Now, this is the part where avid readers of this blog, or even casual ones who may have just stumbled upon it and are sorting out the premise should be asking a simple question: “What went wrong?” Unintentionally, many of my adventures with women seemed to follow a pattern; they were either one sided infatuations that went nowhere, or any interaction which had even the slightest hint of developing went awry. Otherwise, I wouldn’t be the Dateless-Man after all. So, what was it this time? It wasn’t a love triangle between jock and a stoner. It wasn’t a lack of mojo during first aid class. It wasn’t memories from the past. In the end, it turned out to be something fairly routine in the world of dating; poor timing. In a way, my last adventure from college was similar to my first adventure from high school.

As we continued to interact, and proved nearly inseparable in class (especially as we were assigned together as study partners), I was building my nerve to ask her out. Some might say why I waited so long, but the last thing I wanted was to embarrass myself to a classmate who wasn’t interested or available, and then have to go through an entire awkward semester with them afterward (knowing I liked them and had made a foolish move towards them). I had learned that most women who have a boyfriend or husband will mention them if given enough time to talk (even if they’re unhappy or unsatisfied with them). After two weeks and no mention, I was sure that I had a clear chance and with our interests intertwining it felt inevitable. Then, Scarlett finally mentioned it. She had a fiance, a man she’d been seeing for five years, and was living with. As if that wasn’t enough, later on when we had to arrange for that “walking interview” with a rider (who could be someone one of us knew), she not only chose her fiance’s mother, but literally introduced her to me as “my future mother-in-law”. Within a span of another week or less, what had seemed to be feelings of chemistry and romantic inevitability had been smashed with a giant STOP sign. To say I was devastated is an understatement.

I like to think I handled it well. I was vastly disappointed, but I had no feelings of resentment or anger. I briefly considered dropping out of the class during a thin window of opportunity, but I thought that would be too transparent and shallow. At one point later on I even briefly entertained ideas of asking her out anyway and trying to directly compete with this unseen fiance. “To hell with him, she’s mine!”, I recall thinking to myself once. But very quickly I realized that she was not some object that I “deserved”, and that whatever feelings I had on my part were clearly one sided and she had made every sign possible that she was unavailable short of inviting me to her wedding or wearing a white gown with her fiance’s name stitched on it to class. Plus, like I said before, we had a lot in common and talking with her was always good regardless of circumstance. It wasn’t so much that I felt I couldn’t compete with her fiance; I came to the conclusion that even the attempt of interfering with her life in that way would be wrong and selfish. I did not want to cause her any distress, irritation, or resentment. After all, I was just some wacky guy from a class she was taking.

So we completed our share of the course’s assignment, and we both aced the course. Scarlett would happen to turn up in another class I was taking the next semester, but that class was a very large one with a heavier workload, and we were unable to sit together and we didn’t chat much after class. I lost touch with her, as I did with many people (men and women) through the course of my life.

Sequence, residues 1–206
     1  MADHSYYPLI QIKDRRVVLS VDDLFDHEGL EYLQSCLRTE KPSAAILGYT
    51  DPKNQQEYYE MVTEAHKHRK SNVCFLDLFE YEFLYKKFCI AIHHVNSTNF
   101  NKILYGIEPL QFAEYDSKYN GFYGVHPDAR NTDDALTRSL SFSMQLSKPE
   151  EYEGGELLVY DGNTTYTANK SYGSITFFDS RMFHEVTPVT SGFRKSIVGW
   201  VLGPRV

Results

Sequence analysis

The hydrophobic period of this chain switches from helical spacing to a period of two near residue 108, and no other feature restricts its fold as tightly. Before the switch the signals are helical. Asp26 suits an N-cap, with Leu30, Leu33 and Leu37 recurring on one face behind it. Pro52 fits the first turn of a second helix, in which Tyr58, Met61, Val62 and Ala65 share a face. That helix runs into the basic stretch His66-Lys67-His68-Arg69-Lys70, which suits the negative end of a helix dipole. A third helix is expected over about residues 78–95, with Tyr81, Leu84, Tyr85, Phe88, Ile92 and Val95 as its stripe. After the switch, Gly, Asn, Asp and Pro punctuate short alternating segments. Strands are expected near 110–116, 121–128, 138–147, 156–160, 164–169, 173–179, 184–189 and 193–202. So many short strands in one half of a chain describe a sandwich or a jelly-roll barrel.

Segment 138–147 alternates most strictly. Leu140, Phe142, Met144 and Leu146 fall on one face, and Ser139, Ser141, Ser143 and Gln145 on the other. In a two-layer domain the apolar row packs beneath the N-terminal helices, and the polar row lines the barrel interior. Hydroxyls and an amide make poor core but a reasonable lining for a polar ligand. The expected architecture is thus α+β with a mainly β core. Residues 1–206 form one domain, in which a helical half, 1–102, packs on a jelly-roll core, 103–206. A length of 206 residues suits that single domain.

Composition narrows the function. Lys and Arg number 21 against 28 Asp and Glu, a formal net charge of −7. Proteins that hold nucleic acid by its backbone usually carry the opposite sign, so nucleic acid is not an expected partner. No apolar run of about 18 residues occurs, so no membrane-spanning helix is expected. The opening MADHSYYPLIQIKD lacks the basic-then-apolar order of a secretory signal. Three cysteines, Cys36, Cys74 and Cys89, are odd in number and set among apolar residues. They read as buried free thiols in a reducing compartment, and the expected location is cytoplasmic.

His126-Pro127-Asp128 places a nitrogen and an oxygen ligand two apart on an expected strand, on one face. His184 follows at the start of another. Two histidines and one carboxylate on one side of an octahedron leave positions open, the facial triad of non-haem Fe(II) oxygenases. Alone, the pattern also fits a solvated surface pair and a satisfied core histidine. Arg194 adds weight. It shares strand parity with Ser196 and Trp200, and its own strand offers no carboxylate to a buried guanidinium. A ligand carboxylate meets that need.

I recounted this story to one other person; my friend who got engaged in December (who is currently married). At the time, he called me a “schmuck” several times for not pursuing her. He seemed to not share my belief that facts such as having a fiance who she knew for five years and was living with, as well as calling his mother “her future mother-in-law” were not clear enough signs that Scarlett was unavailable. At the time, he seemed to share a more lax attitude about boundaries, and would routinely flirt with whatever women he wanted, even ones he knew were currently dating someone else (even a friend at times). It’s ironic that he’s since been one of the first in my social circle to actually wed (and he’s two years younger than me at that). But I suppose such feelings are common for men in their early to mid 20’s. Given the facts, I became convinced that whatever I thought was chemistry between us was just her being friendly as an out of towner and me believing it was more than it was. I would rather accept a woman’s boundaries and fail than risk distressing her in an attempt to succeed. I genuinely believe men were not intended to be as empathetic to women as I am sometimes. It’s caused me nothing but misery, placing myself in their shoes metaphorically and not wanting to risk them undue harm, especially with the full knowledge of what little I offer in the long run anyway. Most men are ignorant or arrogant about their own attributes, and stumble and bumble their way into happiness and success romantically, at least in my opinion and experience. None of my over analysis can match.

I naturally graduated college shortly afterward, and my work in this class actually enrolled me in some sort of sociology award I had no idea existed or I had a shot at. So I got a $200 check not long before my diploma due to it, which was a pleasant surprise. I don’t have as many feelings of regret or frustration about this incident as I do for others, and I’m not yet sure as to why. I think a large portion of the reason is that whether it was one sided or not, for the first time in my life I genuinely believed I had an honest shot with a woman, a feeling that the odds were in my favor romantically. It might have only been for a few moments and it may have been one sided, but I felt it, and that glimmering feeling within, that sense for a moment that I fit in with this world and that someone else would want to share it with me for a little while, means more to me than words can tell. For a brief moment, I was not the Dateless-Man; I was just a man.

This brings us to the end of my college recollections. While there may be some rants or opinion pieces coming later, the next adventures involve some more dating as well as the story I’ve been saving for last. Sorry for the long wait and thanks for reading, for those who have. I don’t desire advice or pity, but having an audience has made this journey easier for me.